Quality Control, GMP, Toxicology and Scheduled Herbs
with Chanchal Cabrera, April 13-14, 2019
Quality Control and Good Manufacturing Practices for Herbalists
From personal dispensary to full scale factory, there are numerous principles and practices that ensure safety, accuracy and accountability in herbal medicine. They are the least a consumer expects of you and they are mostly also required by law. This extensive review of the herbal industry will consider field and farming practices, harvesting and processing practices, how and where adulteration or contamination can occur and how to recognize it, hazard mitigation, traceability and transparency, regulations and requirements of law. It will include a practical session where students will learn to apply organoleptic skills to raw herbs.
- overview of the industry – what is selling, in what channels and how much?
- what is meant by ‘QC”
- adulteration, contamination, substitution
- Botanical Adulterants Program
- Organoleptic evaluation – including a break out session with a hands-on exercise
- Microscopic evaluation
- Product purity
- Plant variability
- Marker compounds
- Certificates of Analysis
- Good Agriculture Practices (GAP):
- Safety, quality assurance and traceability
- Natural Health Products and Health Canada regulations
- Good Manufacturing Practices – Hazard Analysis Critical Control Points
- Adverse Event reporting
By completion of this class the student will:
- Be able to describe the key identifying features of good quality botanical products.
- Be able to identify hazard points in herbal manufacturing – where and why contamination or adulteration can occur and how to avoid it.
- Discuss manufacturing issues and regulatory affairs affecting the botanical market.
Toxicology and Scheduled Herbs
- Discuss toxicology as it applies to botanicals, safety guidelines and adverse events.
- Review rules, regulations and practicing with botanicals in Canada – NHPD, NPNs and scheduled herbs.
- Consider the use of toxic botanicals and safe dosing strategies for a variety of herbs including:
- Aconitum napellus
- Cineraria maritima
- Bryonia spp
- Convallaria majalis
- Datura stramonium
- Digitalis purpurea
- Ephedra sinica
- Gelsemium sempervirens
- Hyoscyamus niger
- Phytolacca americana
- Piper methysticum
- Rauwolfia serpentine
- Veratrum album/viride
By the end of this class students will be able to:
- Discuss safety issues with botanicals including herb / drug interactions and contra-indications
- Describe the safe and appropriate use of toxic botanicals and be able to recognize adverse effects.
- Describe the relative risk:benefit ratio of botanicals and use of toxics in clinical practice.
- Locate and comprehend schedules of restricted herbs in Canada.
- Understand why some herbs are scheduled and determine when and how those herbs may be used, under what circumstances.
Chanchal Cabrera has been a member of the National Institute of Medical Herbalists (UK) since 1987 and obtained her MSc in herbal medicine at the University of Wales in 2003. Her clinical specialty is helping people manage cancer. Chanchal has held the faculty chair in Botanical Medicine at the Boucher Institute of Naturopathic Medicine in New Westminster since 2004. She serves on the board of advisors of Dominion Herbal College in Burnaby, on the editorial board of Medical Herbalism clinical newsletter and she publishes widely in professional journals and lectures internationally on medical herbalism, nutrition and health. Chanchal is the author of the book ‘Fibromyalgia – A Journey Toward Healing’ published by Contemporary Books. She is a certified Master Gardener and a certified Horticulture Therapist.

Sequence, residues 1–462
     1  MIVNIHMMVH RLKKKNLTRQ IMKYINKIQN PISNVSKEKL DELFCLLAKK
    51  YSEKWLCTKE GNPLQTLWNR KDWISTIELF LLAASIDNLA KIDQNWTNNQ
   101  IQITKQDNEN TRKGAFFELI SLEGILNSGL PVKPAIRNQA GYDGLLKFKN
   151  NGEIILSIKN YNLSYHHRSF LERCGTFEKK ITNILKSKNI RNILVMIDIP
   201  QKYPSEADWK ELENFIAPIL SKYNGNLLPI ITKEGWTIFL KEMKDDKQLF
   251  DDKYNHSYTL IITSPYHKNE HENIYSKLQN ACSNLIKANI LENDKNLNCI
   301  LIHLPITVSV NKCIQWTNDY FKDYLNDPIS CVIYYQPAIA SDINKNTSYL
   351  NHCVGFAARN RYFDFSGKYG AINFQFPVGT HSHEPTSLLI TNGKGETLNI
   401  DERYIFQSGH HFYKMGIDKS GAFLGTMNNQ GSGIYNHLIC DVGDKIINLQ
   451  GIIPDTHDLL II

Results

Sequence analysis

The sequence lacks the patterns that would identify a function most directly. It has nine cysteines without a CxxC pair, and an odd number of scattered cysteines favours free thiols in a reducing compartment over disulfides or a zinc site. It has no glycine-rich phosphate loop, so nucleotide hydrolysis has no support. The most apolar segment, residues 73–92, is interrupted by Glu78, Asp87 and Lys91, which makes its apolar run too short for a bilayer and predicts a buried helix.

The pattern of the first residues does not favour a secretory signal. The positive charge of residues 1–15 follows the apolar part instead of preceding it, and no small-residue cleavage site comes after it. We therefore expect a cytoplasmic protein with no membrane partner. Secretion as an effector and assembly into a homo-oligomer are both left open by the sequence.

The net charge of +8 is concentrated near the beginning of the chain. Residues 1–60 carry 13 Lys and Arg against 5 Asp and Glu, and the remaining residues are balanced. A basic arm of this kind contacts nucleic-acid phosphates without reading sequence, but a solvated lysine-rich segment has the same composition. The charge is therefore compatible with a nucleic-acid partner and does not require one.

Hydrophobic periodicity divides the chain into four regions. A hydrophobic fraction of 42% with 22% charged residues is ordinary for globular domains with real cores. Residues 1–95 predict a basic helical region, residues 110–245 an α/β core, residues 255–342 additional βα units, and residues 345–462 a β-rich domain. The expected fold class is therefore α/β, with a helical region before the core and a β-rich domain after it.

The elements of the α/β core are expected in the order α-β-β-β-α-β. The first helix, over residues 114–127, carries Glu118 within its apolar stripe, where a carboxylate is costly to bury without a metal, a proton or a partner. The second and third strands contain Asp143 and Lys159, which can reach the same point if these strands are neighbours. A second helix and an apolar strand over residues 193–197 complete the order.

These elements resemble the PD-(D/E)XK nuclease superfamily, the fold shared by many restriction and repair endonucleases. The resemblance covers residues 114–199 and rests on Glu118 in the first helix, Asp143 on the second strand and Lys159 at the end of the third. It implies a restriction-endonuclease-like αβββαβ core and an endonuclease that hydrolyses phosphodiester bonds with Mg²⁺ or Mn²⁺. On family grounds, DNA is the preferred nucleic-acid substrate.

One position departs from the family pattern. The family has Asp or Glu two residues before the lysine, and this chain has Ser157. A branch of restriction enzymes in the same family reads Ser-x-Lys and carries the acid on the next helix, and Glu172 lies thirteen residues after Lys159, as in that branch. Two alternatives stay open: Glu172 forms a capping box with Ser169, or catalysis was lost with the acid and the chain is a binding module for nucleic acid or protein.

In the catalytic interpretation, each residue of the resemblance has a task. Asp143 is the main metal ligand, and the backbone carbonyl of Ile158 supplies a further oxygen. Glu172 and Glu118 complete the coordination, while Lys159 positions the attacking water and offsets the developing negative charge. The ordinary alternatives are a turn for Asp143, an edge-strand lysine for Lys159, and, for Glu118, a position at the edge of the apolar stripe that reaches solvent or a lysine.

Chanchal lives on Vancouver Island, British Columbia where she and her husband farm 7 acres. They grow food for 10 households, culinary herbs for restaurants and medicinal herbs for her clinic. They also run therapy gardens for people with disabilities and host internships in organic farming and herbal medicine. In 2009 Chanchal was honored with a Fellowship in the NIMH for service to the profession over 25 years.
Saturday and Sunday, April 13-14, 2019, 9:00am- 5:00pm
Regular – $300 (Early Bird – $285, until February 1)
Students* – $275 (Early Bird – $250, until February 1)
PRC Alumni – $285 (Early Bird – $265, until February 1)
*PRC diploma students will receive 1 WHS academic credit for this workshop.
BMS112 Botany/Horticulture (45 hours) or comparable course
To register, please click on the registration button below. Full payment is due at time of registration to confirm placement in the course. Payment can be made via MasterCard or Visa, debit, cash and cheque.
For course withdrawals submitted in writing or in person 30 days or more before the start of the course, registrants will receive a full tuition refund less a $40 non-refundable registration fee. For course withdrawals submitted in writing or in person more than 14 days but less than 30 days before the start of the course, registrants will receive a 50% tuition refund. Without exception, no refunds will be given for course withdrawals less than 14 days before the start of the course.